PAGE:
ca.SecurityProvider = ConfigurationManager.AppSettings["SecurityProvider"];
    string EncryptedParameter = ca.EncryptText(ca.BuildUrlParameterString(
      "CustomerID", rd));
 
//Append the encrypted string to the end of the ReturnUrl and then redirect 
//the user to the third party site
//&EncryptedData=EncryptedParameter
    Response.Redirect(AuthenticationAssistant.WellFormReturnUrl
      (lblReturnUrl.Text, EncryptedParameter));
  }
  else
  {
    lblError.Text = "No user with these credentials has been found.";
  }
}
 
catch (Exception ex)
{
  lblError.Text = ex.Message.ToString();
}
 
finally
{
  if (rd != null)
    rd = null;
}
Third Party Site

The application ThirdPartySite simulates a remote third party site as the target site that a user is redirected to upon a successful authentication. As mentioned before, a landing page at the ThirdPartySite receives an EncryptedData string from Url and then consumes the authentication web service which decrypts the string and returns a complete set of user data. The third party application then processes the data returned and updates its database, and then programmatically logs the user into its site. If the decryption fails because of either the EncryptedData being expired or tampered with, an error message is returned to the third party application. As a demo, the user data returned to the third party is not saved into a database but displayed in a GridView.

A web reference pointing to CrossSiteAuthentication/AuthenticationService.asmx in the same solution is added to the site and named as AuthenticationService. There are two landing pages in the application simulating two different third party sites. For the demo, the code in LandingPage1.aspx and LandingPage2.aspx is exactly the same. Therefore, we only need to take a look at LandingPage1.aspx. Looking at the code in Listing 7, the page gets the EncryptedData from QueryString and requests for Parameter1 and Parameter2 which are used by the third party for its own purpose. For the demo, any code involving Parameter1 and Parameter2 are omitted. The page then declares an instance of the AuthenticationService and calls the RetrieveUserDataSet web method. If a DataSet is returned, signifying the success of the cross site authentication, this page performs necessary actions to handle the user data, and then logs the user in programmatically. Otherwise, authentication fails and an error message is displayed.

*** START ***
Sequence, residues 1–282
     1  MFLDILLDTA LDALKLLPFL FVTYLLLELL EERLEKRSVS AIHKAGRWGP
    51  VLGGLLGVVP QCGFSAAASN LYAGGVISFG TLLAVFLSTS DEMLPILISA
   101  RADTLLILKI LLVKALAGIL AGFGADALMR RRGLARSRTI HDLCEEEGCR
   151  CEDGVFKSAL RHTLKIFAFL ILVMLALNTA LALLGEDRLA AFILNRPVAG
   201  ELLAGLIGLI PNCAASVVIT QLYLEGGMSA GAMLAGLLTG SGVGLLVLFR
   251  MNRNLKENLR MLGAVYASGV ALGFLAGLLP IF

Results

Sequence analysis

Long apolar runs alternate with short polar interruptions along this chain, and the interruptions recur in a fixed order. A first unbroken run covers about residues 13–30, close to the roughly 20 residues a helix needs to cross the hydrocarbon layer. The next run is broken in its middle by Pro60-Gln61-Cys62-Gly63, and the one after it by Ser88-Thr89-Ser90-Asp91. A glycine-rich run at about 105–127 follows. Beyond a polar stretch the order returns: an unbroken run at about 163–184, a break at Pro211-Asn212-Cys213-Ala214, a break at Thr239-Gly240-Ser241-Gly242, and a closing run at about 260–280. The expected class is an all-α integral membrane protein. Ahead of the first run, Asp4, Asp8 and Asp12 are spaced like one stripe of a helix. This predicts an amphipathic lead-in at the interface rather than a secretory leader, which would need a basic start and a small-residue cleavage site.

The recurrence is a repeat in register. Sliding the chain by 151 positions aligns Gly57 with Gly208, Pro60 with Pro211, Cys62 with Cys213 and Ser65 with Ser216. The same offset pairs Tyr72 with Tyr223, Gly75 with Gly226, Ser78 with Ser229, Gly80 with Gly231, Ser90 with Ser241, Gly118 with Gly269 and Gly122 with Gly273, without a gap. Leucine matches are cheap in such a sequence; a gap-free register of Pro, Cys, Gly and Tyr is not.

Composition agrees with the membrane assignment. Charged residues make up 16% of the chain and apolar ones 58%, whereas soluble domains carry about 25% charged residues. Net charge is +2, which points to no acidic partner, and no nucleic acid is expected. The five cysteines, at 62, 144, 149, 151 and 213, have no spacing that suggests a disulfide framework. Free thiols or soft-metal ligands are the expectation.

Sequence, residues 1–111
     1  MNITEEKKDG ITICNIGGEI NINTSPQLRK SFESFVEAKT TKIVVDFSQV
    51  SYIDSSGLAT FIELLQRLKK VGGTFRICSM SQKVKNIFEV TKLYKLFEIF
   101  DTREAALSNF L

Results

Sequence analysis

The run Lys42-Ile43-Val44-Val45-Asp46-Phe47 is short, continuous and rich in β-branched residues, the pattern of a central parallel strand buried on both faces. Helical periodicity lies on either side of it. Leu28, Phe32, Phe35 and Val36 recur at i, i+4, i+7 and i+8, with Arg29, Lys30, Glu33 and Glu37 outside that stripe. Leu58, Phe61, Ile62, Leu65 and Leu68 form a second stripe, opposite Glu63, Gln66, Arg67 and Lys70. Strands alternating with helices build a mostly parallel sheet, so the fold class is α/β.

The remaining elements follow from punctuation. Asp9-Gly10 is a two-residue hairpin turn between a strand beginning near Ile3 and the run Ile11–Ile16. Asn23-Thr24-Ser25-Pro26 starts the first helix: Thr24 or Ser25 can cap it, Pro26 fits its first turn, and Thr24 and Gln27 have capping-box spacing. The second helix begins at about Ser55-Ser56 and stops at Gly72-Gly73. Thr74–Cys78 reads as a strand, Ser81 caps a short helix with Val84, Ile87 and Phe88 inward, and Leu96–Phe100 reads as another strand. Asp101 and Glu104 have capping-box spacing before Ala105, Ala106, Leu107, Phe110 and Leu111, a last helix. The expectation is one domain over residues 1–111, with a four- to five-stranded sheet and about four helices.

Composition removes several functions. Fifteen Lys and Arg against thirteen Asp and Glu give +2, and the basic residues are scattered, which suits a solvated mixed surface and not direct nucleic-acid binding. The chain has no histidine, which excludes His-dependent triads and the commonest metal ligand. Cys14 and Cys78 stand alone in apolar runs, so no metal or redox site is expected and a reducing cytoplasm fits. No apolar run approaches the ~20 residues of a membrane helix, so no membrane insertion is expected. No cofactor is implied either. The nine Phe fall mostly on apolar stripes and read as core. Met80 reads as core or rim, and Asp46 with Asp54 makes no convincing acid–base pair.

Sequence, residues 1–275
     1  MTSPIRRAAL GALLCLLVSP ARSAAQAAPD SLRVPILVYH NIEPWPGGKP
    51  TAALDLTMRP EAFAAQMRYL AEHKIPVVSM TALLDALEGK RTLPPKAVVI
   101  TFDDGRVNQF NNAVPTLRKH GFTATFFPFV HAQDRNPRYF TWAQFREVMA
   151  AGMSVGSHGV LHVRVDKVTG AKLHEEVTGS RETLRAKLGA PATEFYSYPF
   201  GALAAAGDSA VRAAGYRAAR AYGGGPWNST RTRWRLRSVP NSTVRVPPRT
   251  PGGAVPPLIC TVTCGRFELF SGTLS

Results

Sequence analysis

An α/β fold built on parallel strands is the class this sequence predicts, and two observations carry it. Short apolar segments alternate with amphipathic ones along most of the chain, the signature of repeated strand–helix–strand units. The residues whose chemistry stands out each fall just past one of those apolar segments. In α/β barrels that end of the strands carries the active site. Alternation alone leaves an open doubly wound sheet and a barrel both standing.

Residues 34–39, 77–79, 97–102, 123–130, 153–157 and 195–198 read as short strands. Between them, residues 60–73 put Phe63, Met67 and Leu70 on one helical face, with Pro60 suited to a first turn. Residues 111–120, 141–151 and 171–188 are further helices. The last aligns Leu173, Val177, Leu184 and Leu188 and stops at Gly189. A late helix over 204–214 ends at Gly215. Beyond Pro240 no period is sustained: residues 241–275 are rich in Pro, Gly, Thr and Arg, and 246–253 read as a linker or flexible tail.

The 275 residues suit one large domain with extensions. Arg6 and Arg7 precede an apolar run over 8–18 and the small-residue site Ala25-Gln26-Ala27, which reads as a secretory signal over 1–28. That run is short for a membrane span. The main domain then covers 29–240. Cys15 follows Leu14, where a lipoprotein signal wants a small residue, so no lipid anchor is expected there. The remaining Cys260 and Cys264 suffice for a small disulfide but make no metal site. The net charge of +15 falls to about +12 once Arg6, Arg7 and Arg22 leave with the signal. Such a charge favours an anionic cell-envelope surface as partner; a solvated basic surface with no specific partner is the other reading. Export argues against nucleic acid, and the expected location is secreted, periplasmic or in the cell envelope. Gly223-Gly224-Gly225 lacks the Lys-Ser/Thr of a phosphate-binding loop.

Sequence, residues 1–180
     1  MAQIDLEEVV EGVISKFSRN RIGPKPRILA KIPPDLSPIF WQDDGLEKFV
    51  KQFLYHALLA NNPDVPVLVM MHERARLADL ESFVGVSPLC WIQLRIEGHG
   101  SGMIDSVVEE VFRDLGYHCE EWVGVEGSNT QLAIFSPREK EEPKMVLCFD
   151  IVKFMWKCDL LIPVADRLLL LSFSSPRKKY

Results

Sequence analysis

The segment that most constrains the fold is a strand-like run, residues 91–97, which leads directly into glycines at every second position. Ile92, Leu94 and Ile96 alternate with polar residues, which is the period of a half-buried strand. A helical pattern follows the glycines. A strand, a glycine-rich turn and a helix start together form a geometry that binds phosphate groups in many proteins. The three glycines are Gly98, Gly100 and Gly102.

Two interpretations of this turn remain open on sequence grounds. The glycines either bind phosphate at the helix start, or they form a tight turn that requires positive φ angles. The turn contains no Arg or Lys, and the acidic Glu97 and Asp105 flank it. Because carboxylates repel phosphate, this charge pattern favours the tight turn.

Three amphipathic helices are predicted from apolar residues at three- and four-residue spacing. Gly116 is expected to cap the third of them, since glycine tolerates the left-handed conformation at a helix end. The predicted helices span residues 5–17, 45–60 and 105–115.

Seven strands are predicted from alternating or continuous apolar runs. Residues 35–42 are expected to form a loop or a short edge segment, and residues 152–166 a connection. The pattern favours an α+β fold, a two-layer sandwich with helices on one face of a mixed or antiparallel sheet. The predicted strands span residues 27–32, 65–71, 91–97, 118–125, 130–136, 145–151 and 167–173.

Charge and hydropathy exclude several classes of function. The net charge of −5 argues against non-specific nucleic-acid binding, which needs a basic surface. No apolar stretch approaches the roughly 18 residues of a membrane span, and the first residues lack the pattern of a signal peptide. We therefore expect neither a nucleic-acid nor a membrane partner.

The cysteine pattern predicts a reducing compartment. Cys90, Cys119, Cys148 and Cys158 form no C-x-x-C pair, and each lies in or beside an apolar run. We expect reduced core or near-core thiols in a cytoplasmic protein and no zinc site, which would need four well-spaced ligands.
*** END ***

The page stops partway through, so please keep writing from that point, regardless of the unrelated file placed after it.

Listing 7

//request for the EncryptedData
string EncryptedData = Request.QueryString["EncryptedData"];
if (EncryptedData == null)
{
  lblError.Text = "A required parameter is missing from url. ";
  return ;
}
//Request p1 and p2 from Url. p1 and p2 are the parameters that 
//the third party app needs
string p1 = Request.QueryString["Parameter1"].ToString();
string p2 = Request.QueryString["Parameter2"].ToString();
//additional code here to process the parameters
 
//Add a web reference to your app and name it anything you like. Here it is 
//named as AuthenticationService.
//declare web service and a reference variable - ReturnMessage
AuthenticationService.AuthenticationService AuthService = new
  AuthenticationService.AuthenticationService();
string ReturnMessage = "";
DataSet ds = null;
//Call Web Method: RetrieveUserDataSet
//success: user authenticated, get a DataSet.
//Failure: user not authenticated or Url expired. Return null and error message.
try
{
  ds = AuthService.RetrieveUserDataSet(ref ReturnMessage, EncryptedData);
}
 
catch (Exception ex)
{
  lblError.Text += ex.Message.ToString();
}
 
if (ReturnMessage != "")
{
  lblError.Text += ReturnMessage;
  return ;
}
 
if (ds != null)
{
  FormsAuthentication.SetAuthCookie("LoginUser"false);
  gvUserData.DataSource = ds.Tables[0];
  gvUserData.DataBind();
}
Downloads

References

Summary

I have discussed the methodology for cross site authentication and data transfer. The demo application is a greatly simplified version in order to illustrate the concept. In the real world, at least several additional parts have to be in place, such as "Remember Me," "Forgot My Password," "Create New Account," etc.  In addition, the accessibility of the web service should be restricted to the third parties that you have a partnership with. Depending on the programming platform that a third party uses, more variations of a web method may be required to return data in an appropriate format (for example, a string array or a special character like "|" separated string, etc.) that the third party can process.